Different schools also have different values and culture. Some are more competitive and aggressive, for example, and not everyone will thrive in that environment.

    Different schools have different levels of support when it comes to the job market. Some will make really an effort to help you get a job good, while others will not care that much.

    Even things like the city can make a difference. Some people gets depressed in small cities, some people hate extreme cold. It may look like a small thing. But I have seen people struggling with that. A PhD is hard, it doesn't help if you are doing in a city you hated from the beginning.

    The quality and variety of datasets a program has can make a huge difference for a more quantitative track. After all, without data, it's much harder to get something relevant done. For example, it's probably easier for universities in New York to develop close relationships with Wall Street, and that should help research in Finance. If you want to research social media, I know that being close to Facebook has helped some people in Marketing.

    So, a lot of things can influence your evaluation of what are the right schools. And, at least for me, I think that made a huge difference when I got the interview. I listed many reasons when I was asked why I had applied to do a PhD here. Common research interests helped a lot, but then I suppose other applicants could easily say they also had common interests. But I had some reasons that other applicants wouldn't be able to copy that easily. I think I had reasons that set me apart from other applicants.

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    Re: Application Advice for Non-traditional Applicant

    Thank you William for sharing your valuable experience and I've also come across your blog. Do you mind to share some of the " reasons that other applicants wouldn't be able to copy that easily"? From your blog I guess it is something like "why did I choose the city", and "why did I choose a PhD in this age", or " great goal of Corporate Finance of maximizing shareholder value was to maximize consumer value"? Seems like it is important to have a clear and innovative research topic in mind, and demonstrate prior research efforts on this specific direction. You've basically made a smooth story that sounds very natural and reasonable, so everyone who read about it would be sure that you are indeed motivated. But for me I am not as knowledged as you; I did not have 20 years of practice or 5 years of teaching experience. What is some of the strongest motivation to do a PhD for a younger applicant?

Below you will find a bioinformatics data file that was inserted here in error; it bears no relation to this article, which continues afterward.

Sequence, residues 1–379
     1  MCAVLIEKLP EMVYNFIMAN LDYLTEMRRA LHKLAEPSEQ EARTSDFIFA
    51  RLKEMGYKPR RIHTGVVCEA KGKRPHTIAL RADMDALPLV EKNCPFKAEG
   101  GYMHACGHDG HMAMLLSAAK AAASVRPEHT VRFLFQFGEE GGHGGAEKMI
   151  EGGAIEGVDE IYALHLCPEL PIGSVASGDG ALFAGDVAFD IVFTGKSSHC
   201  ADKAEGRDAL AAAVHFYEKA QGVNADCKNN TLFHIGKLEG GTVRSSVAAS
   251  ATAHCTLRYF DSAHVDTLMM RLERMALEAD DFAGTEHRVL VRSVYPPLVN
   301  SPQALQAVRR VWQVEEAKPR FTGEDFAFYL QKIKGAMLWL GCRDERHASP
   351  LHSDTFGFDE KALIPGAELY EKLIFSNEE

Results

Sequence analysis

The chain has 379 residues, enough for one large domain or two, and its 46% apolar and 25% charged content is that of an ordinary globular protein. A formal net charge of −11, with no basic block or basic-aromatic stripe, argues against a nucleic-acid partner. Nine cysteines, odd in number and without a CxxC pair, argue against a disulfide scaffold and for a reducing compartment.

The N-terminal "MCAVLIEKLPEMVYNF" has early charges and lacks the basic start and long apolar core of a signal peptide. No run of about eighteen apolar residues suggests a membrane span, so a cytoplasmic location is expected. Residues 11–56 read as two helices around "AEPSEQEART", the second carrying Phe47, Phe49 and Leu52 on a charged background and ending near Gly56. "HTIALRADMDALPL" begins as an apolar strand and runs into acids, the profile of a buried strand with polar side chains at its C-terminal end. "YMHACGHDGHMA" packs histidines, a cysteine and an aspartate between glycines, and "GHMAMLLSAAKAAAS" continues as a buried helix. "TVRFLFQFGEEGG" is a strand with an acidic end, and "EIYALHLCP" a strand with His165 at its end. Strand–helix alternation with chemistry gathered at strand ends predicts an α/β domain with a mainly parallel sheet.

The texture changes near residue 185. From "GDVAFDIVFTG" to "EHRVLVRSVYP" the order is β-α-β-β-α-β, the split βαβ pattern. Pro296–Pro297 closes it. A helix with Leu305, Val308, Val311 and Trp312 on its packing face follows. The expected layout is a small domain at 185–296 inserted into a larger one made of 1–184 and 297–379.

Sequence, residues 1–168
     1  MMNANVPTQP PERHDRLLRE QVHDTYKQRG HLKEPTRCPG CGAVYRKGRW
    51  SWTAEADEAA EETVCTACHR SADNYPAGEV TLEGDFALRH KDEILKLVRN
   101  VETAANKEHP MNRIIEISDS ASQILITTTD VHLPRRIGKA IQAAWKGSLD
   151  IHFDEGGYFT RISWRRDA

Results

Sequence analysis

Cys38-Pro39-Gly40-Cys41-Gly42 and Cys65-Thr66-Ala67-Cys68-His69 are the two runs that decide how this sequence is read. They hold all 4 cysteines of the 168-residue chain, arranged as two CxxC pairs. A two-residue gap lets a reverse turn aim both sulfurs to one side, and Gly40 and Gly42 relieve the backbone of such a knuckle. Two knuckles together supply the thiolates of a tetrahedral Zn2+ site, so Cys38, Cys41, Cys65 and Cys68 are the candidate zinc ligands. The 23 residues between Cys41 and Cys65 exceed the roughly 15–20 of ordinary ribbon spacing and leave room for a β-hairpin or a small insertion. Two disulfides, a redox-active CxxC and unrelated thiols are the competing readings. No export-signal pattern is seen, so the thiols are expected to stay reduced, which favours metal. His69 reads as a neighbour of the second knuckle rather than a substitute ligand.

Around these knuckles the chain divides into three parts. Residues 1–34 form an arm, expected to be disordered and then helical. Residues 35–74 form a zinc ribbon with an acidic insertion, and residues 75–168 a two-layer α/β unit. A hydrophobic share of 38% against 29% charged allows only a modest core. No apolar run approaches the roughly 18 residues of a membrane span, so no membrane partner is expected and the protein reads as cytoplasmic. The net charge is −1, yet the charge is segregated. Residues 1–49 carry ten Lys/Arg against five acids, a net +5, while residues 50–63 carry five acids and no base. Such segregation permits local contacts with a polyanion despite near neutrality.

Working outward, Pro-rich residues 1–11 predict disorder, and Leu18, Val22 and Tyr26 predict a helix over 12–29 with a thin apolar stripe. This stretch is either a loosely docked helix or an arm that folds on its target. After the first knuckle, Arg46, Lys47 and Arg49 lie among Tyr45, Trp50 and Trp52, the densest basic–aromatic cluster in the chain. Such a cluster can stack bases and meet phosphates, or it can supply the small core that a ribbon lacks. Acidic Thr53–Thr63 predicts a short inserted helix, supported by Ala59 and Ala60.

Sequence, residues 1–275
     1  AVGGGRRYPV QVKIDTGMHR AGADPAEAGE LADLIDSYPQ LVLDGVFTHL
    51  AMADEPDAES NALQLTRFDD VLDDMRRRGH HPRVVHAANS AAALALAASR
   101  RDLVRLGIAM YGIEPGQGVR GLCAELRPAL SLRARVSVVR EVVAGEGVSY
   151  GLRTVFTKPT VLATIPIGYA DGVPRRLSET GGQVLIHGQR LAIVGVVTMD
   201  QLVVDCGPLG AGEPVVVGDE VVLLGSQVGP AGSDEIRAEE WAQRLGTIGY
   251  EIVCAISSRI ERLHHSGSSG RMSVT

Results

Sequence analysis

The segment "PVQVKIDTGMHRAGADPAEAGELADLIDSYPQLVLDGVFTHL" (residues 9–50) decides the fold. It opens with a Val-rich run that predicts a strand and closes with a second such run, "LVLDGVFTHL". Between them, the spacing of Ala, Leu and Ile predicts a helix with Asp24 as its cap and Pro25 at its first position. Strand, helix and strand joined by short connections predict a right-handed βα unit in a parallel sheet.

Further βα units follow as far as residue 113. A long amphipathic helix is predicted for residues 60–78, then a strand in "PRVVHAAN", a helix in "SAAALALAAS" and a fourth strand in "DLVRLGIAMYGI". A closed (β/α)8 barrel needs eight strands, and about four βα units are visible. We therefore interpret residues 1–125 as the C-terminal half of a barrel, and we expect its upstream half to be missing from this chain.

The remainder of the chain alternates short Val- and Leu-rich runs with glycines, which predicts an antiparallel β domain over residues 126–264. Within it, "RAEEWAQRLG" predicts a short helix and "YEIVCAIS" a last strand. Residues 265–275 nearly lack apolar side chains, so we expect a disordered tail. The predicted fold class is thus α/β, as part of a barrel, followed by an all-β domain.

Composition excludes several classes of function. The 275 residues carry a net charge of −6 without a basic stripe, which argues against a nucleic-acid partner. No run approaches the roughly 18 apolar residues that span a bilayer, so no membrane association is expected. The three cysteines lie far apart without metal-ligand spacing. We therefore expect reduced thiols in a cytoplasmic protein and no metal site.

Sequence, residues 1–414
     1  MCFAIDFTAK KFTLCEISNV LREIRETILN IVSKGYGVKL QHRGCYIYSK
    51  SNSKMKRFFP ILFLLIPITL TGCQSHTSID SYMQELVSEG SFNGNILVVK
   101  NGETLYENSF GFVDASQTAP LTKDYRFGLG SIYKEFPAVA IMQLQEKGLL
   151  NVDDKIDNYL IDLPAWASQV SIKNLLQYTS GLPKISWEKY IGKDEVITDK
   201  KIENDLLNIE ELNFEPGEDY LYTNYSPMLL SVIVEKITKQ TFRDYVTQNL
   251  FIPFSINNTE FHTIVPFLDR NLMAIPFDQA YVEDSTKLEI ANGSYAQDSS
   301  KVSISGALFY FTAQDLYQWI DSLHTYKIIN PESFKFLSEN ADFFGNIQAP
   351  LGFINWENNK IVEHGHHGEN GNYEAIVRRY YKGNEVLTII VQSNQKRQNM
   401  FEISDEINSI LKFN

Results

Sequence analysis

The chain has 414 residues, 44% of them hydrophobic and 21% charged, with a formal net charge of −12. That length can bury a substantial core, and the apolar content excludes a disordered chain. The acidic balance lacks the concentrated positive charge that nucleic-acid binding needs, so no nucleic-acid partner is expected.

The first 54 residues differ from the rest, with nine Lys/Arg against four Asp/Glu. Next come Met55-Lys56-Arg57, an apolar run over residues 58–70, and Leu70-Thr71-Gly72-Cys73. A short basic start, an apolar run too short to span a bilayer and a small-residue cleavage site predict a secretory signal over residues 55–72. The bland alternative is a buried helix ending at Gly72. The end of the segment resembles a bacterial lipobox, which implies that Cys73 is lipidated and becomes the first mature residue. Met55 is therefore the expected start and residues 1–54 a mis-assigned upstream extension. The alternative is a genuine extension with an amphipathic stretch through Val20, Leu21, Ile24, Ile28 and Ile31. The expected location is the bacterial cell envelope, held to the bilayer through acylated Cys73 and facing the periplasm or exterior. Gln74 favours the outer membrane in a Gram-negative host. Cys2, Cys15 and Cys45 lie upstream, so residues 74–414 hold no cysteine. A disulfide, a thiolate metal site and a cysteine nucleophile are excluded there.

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    Re: Application Advice for Non-traditional Applicant

    Ok, I will not tell you clearly and exactly what the reason was, as that involve other people too.

    But it's something like this. Let's say that we have the same research interests, ok? That's good.

    However, that doesn't mean that our motivation to research that thing is the same. People may have different reasons to study the same thing. You have your story, I have my own story.

    Now, what if your story and my story have some important connections?

    So, not only I tried to connect my future with my advisor's future since we have similarities in research interests, I also was able to connect elements of my journey so far with elements of his own journey so far.

    That helps to visualize the journey. Where I'm coming from, where I am now, and where I want to go.

    I'll try to give an example to illustrate the reasoning. Let's say you want to research about allergies. And then you find a potential advisor who specializes on allergies. That's good, right? Common research interests. But if you decided to research allergies because your son has allergies, and then you know that your advisor has a similar story, then it feels much stronger than just having common research interests. And that's not something one can easily copy, one will not have a son with allergies just because they are applying to a PhD about allergies.

    I don't know what would be a strong motivation for a younger applicant. If you are applying, I guess you have your reasons and they are good. Otherwise, I don't know why you would be applying.

    I think that more than a strong motivation, the problem is often that applicants do not provide evidence or reasoning for that. Like, a lot of them say that the motivation is "love for research" or "always wanted to be a professor". That's not necessarily weak, but this is too generic and need something stronger to be convincing.

    It's like research. You may have a great research idea. But if it's generic, and you don't present strong argument to support that idea, nobody really cares.